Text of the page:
Monday, March 27, 2006

Suicide Squeeze -- Victor Gischler

When I heard that the paperback of Victor Gischler's Suicide Squeeze was out, I figured it was about time to get busy and read the hardback that's been sitting on my shelves almost since it was brand new. I'm glad I did.

The book's main character, Conner Samson, is down on his luck. Perpetually. He doesn't have the dough to pay for a beer because he never wins his bets on baseball games. The woman he loves, Tryanny Jones is married to someone else and is a sex addict. About the only man she doesn't want to have sex with is Conner.

Conner's life is about to change, but his luck isn't going to improve. What happens to him involves a boat he's supposed to repossess, Japanese gangsters, a former secret agent who's as dangerous as the gangsters, a huge collector named Otis, whose boss is Rocky Big, comic book nerds, and an assortment of other things, in a plot that's impossible for me to describe. Let's just say that everybody is out to double-cross everybody else, and kill anyone that gets in the way, to gain possession of a baseball card.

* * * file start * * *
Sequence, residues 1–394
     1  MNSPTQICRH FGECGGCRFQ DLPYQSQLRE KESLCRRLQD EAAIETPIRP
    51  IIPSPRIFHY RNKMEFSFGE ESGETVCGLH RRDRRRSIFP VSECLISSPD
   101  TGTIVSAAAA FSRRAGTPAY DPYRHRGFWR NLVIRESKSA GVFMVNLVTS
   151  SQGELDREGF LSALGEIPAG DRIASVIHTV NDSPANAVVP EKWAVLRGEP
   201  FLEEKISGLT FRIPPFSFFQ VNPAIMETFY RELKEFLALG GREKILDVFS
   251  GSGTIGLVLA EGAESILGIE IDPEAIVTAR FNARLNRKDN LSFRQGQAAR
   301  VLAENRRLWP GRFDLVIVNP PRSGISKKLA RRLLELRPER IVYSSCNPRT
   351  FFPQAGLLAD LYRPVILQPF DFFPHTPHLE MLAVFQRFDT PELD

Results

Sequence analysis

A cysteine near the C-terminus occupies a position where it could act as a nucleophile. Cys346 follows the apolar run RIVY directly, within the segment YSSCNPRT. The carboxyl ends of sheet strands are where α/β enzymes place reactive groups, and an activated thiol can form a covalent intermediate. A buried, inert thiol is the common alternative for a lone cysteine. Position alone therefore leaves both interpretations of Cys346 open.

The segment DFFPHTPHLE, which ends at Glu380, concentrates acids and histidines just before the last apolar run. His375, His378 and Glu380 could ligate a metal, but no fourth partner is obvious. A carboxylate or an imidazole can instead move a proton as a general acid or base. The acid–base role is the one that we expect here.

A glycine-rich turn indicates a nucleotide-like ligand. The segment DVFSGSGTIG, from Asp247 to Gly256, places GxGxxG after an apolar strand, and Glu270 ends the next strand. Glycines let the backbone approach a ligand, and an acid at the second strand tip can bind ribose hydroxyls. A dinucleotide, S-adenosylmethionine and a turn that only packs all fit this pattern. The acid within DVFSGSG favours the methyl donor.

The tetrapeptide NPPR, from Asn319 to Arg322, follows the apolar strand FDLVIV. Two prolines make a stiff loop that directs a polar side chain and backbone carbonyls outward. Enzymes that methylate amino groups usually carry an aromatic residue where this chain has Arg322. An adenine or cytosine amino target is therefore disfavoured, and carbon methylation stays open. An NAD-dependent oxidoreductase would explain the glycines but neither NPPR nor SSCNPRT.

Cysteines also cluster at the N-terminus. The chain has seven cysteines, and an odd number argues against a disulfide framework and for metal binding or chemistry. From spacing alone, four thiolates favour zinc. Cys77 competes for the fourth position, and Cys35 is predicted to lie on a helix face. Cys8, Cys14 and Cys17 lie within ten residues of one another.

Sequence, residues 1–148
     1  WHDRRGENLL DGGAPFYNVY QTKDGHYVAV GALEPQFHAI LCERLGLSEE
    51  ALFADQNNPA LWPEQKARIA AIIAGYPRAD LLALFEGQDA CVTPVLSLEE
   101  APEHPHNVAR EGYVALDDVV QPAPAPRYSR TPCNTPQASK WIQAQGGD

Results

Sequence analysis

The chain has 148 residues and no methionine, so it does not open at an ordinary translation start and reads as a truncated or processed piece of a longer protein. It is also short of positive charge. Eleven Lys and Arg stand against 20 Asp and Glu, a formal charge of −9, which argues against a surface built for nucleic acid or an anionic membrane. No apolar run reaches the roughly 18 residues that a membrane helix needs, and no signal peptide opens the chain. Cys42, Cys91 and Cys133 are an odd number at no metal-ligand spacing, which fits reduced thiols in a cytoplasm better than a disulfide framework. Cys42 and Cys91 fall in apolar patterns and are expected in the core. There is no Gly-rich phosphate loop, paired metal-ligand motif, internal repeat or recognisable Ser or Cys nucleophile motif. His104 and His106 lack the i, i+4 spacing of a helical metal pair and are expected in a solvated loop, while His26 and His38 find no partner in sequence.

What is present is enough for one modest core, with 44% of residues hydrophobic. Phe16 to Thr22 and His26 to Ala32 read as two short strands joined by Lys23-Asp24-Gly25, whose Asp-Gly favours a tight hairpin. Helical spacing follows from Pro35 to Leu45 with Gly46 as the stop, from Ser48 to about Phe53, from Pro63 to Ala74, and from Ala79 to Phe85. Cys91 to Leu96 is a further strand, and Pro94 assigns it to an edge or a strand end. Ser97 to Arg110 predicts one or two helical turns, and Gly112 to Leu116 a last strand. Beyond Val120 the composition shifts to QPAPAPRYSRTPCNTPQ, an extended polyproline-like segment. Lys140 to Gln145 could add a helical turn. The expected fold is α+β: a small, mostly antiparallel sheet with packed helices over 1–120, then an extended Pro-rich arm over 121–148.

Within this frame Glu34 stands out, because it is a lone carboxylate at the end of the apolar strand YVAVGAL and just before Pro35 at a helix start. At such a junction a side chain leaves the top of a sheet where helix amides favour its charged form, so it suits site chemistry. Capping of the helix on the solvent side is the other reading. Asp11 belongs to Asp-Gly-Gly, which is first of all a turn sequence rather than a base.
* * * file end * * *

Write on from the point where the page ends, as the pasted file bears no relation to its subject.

Being a baseball card collector myself, I have to love a book in which the mcguffin is a one-of-a-kind card signed by Joe Dimaggio, Billy Wilder, and Marilyn Monroe. It's worth whatever some sucker will pay for it, maybe a million bucks, and it comes with a signed personal letter written by Monroe. The people Gischler writes about will do just about anything to get it.

There's lots of funny stuff in the novel, but the climactic shoot-out is one of the bloodiest I've read in years. It's not funny at all. Well, not unless you're thinking that Gischler is messing with you when he says, "The weapon sang, a Wagnerian shotgun opera, the sound track to hell." Because Gischler's next novel, coming out in April, is, you guessed it Shotgun Opera. I plan to read that one, too.

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